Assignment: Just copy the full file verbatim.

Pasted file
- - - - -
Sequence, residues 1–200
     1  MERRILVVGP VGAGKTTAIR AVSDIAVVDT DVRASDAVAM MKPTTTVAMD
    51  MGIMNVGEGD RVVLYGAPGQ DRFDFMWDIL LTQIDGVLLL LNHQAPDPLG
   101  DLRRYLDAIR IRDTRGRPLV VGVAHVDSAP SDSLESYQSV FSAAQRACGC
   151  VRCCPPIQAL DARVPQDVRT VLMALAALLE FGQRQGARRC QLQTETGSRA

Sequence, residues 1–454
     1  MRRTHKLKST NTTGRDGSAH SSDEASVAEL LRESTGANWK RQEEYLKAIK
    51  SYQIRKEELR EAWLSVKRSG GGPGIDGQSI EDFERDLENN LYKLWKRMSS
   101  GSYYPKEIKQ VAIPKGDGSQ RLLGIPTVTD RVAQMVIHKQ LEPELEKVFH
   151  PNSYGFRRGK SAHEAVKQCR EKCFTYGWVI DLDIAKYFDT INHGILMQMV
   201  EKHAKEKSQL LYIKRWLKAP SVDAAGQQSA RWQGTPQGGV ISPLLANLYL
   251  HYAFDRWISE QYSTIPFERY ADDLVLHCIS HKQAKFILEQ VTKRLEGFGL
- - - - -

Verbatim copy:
Sequence, residues 1–200
     1  MERRILVVGP VGAGKTTAIR AVSDIAVVDT DVRASDAVAM MKPTTTVAMD
    51  MGIMNVGEGD RVVLYGAPGQ DRFDFMWDIL LTQIDGVLLL LNHQAPDPLG
   101  DLRRYLDAIR IRDTRGRPLV VGVAHVDSAP SDSLESYQSV FSAAQRACGC
   151  VRCCPPIQAL DARVPQDVRT VLMALAALLE FGQRQGARRC QLQTETGSRA

Sequence, residues 1–454
     1  MRRTHKLKST NTTGRDGSAH SSDEASVAEL LRESTGANWK RQEEYLKAIK
    51  SYQIRKEELR EAWLSVKRSG GGPGIDGQSI EDFERDLENN LYKLWKRMSS
   101  GSYYPKEIKQ VAIPKGDGSQ RLLGIPTVTD RVAQMVIHKQ LEPELEKVFH
   151  PNSYGFRRGK SAHEAVKQCR EKCFTYGWVI DLDIAKYFDT INHGILMQMV
   201  EKHAKEKSQL LYIKRWLKAP SVDAAGQQSA RWQGTPQGGV ISPLLANLYL
   251  HYAFDRWISE QYSTIPFERY ADDLVLHCIS HKQAKFILEQ VTKRLEGFGL